I think separatism is still in their party constitution?
posted by Chrysostom at 9:57 PM on March 2

Five Stars, or M5S as they’re usually abbreviated here, are very much an out-with-the-old phenomenon at core, and in a way you could say Italy is lucky that that sentiment was captured by a movement launched by a comedian, rather than something more immediately darker/threatening. But it is peculiar, now that they’ve gathered steam and critical mass, that you’re more likely to hear people worry about their potential crypto-fascism than about the actual fascism that Salvini’s lot preach and practice (aided and abetted by other blackshirt nostalgics such as Casa Pound). R. Saviano called out the media’s complicity in this, the collective inability to call fascism by its name.
I keep thinking that folks here would go weak at the knees if they had a chance to just acclaim a king. Italy has a pretty bad case of that nation-as-family framing thing, and between deep-running (and pervasively corrupt) patriarchism and Vatican longa manus, what could be an inimitable motley federation of boundless creativity and love for life, its multiplicity an example for what an EU could ideally be an even greater version of - instead keeps itself firmly tied to the same sorry masts of yore. By which metaphor M5S is just the latest siren-call, and likely to lead to more entropy than purposeful focus, or new course.
posted by progosk at 11:15 PM on March 2 [6 favorites]

Part of what's driving the abstention crowd this time around is the feeling that the new electoral system basically perverts any hope of actual representation of your views. This hasn't escaped notice, and there's an initiative underway to take this to Strasbourg.
posted by progosk at 1:41 AM on March 3

Two more contextual articles on the M5S:

- Guardian: Italy's Five Star Movement part of growing club of Putin sympathisers in west

- R. Saviano, repubblica.it: Why I defend the NGOs saving migrant lives (from M5S propaganda slanders, as the article clarifies) [in Italian]

Oh, and: seems that some of the accusations of their latent fascism are to do with both Di Maio and Di Battista's dads being pretty declared fascists - for what that's worth...
posted by progosk at 3:46 AM on March 3 [1 favorite]

More further reading on the general state of il belpaese: C. Balmer, Reuters: Rising poverty gnaws at Italian social fabric as election nears.
posted by progosk at 4:27 AM on March 3

Three billboards outside the Castel Nuovo, Naples (for romakimmy).
posted by progosk at 9:06 AM on March 3 [2 favorites]

(Oh look, here's how it went down five years ago, almost to the day - what a foreshadowing of what's going play out tomorrow...)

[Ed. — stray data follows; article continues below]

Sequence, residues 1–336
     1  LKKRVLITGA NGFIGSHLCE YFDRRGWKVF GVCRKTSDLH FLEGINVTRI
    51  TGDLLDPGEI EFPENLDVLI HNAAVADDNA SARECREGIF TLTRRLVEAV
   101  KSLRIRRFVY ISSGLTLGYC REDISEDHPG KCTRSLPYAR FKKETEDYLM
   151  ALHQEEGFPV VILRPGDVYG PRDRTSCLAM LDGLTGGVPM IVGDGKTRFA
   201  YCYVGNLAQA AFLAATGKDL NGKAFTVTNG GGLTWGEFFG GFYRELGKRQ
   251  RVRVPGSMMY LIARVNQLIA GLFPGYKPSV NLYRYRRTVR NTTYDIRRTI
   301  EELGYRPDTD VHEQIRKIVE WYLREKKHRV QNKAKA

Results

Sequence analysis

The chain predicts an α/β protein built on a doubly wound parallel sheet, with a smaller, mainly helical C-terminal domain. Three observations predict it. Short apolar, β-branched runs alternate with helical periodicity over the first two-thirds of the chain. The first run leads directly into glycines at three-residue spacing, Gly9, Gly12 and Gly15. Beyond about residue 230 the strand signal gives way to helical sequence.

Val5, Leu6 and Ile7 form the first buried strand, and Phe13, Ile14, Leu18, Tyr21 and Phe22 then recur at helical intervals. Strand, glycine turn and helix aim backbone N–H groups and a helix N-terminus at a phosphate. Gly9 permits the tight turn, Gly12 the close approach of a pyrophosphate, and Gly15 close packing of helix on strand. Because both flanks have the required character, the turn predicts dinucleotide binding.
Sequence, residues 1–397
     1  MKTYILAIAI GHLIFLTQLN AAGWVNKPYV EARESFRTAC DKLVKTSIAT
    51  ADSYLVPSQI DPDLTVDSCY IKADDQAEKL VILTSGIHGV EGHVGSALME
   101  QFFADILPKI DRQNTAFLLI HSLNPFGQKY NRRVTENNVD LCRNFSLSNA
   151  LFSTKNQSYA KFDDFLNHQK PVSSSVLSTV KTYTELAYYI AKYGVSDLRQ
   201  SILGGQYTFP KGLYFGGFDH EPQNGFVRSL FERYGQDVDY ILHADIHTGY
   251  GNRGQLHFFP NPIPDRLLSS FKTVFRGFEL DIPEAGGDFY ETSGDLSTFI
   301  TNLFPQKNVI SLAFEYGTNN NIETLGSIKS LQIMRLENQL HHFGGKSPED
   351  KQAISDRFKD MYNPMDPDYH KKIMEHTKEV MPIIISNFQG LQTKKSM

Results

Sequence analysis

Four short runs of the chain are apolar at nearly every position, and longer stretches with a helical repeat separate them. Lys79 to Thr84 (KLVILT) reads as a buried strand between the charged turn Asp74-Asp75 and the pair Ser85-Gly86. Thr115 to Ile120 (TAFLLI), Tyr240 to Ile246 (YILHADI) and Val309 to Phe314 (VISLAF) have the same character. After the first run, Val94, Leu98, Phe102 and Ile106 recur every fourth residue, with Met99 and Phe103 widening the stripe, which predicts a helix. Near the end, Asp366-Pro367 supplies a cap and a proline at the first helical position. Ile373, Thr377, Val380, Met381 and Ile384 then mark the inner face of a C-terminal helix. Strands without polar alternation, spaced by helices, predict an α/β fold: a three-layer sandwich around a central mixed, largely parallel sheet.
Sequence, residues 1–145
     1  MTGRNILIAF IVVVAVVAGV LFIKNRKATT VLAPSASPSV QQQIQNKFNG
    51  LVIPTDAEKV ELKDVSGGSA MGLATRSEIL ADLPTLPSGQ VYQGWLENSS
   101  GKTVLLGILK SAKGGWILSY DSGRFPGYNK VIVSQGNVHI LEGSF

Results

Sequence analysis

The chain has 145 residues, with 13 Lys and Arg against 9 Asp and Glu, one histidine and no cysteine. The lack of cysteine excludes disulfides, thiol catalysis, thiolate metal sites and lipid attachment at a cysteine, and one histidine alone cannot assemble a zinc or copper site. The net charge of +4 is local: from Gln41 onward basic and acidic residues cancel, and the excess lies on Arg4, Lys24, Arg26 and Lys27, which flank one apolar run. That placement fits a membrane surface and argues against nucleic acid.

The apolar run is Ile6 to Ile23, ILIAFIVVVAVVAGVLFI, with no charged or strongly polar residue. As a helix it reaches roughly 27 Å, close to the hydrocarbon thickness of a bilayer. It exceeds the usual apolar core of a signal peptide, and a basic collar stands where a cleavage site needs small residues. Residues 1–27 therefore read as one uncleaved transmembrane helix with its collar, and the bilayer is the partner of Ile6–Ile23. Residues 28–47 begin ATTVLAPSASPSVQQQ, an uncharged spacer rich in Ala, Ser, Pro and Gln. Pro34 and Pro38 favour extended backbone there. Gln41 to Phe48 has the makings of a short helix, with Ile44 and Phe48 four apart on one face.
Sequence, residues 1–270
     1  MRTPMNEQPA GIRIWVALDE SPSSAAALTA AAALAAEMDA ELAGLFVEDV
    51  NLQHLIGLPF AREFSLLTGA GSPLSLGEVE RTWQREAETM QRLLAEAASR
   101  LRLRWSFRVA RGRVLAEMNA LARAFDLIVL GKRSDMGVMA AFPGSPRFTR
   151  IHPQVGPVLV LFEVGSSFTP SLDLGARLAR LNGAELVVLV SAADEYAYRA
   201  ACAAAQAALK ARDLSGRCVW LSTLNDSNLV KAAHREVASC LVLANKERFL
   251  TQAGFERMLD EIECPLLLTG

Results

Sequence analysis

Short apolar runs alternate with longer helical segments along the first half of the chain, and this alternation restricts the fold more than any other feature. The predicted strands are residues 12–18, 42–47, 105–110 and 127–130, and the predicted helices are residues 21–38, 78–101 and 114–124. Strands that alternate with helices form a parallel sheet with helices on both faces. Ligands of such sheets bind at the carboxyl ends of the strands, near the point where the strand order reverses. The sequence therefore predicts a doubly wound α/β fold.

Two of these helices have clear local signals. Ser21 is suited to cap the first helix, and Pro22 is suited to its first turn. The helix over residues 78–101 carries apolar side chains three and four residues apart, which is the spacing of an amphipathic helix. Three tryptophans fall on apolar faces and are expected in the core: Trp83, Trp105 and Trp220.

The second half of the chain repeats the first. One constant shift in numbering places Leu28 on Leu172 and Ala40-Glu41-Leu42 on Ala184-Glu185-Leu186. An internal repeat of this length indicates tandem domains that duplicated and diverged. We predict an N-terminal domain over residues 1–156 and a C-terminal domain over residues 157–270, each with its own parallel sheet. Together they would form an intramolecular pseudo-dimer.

posted by progosk at 10:27 AM on March 3

And given the years that have passed, Wuming's shrewd analysis of M5S (previously) has, if anything, gained in urgency... (and is perhaps a better answer to atoxyl, tbh).
posted by progosk at 10:41 AM on March 3 [1 favorite]

Notoriously unreliable though they are, the exit-polls have M5S at around 30%.

Jacobin's D. Broder interviews M5S-specialist J. Jacoboni: The Experiment - Italy’s Five Star Movement offers a hollow promise of democracy.
posted by progosk at 2:42 PM on March 4 [1 favorite]

Y. Mounk, Guardian: How populist uprisings could bring down liberal democracy.

By comparison to Haider and Wilders, a figure like Beppe Grillo seems far more benign at first blush, promising to take power from a self-serving and geriatric “political caste”, and to fight for a more modern and tolerant Italy. But once the Five Star Movement gained in popularity, it quickly took on an antisystem hue. Its attacks on the corruption of individual politicians slowly morphed into a radical rejection of key aspects of the political system, including parliament itself. Anger against the political establishment was sustained by a growing willingness to engage in conspiracy theories or to tell outright lies about political opponents.

The reason why populists and political newcomers are so willing to challenge basic democratic norms is in part tactical: whenever populists break such norms, they attract the univocal condemnation of the political establishment. And this of course proves that, as advertised, the populists really do represent a clean break from the status quo. There is thus something performative about populists’ tendency to break democratic norms: while their most provocative statements are often considered gaffes by political observers, their very willingness to commit such gaffes is a big part of their appeal.